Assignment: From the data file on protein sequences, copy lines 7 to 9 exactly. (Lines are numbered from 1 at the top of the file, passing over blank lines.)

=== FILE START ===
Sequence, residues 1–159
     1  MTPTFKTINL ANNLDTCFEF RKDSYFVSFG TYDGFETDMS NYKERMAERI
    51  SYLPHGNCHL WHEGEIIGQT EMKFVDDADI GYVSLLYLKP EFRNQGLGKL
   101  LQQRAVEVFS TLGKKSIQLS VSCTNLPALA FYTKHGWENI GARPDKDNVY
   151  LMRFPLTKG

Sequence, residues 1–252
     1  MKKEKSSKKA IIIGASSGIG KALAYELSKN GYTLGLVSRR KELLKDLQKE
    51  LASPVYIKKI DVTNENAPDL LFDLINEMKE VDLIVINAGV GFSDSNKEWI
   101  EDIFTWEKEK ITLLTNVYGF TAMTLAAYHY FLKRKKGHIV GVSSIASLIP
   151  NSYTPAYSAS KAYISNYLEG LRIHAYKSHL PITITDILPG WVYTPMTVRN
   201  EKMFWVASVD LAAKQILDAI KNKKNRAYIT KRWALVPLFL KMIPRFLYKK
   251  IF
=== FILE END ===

     1  MKKEKSSKKA IIIGASSGIG KALAYELSKN GYTLGLVSRR KELLKDLQKE
    51  LASPVYIKKI DVTNENAPDL LFDLINEMKE VDLIVINAGV GFSDSNKEWI
   101  EDIFTWEKEK ITLLTNVYGF TAMTLAAYHY FLKRKKGHIV GVSSIASLIP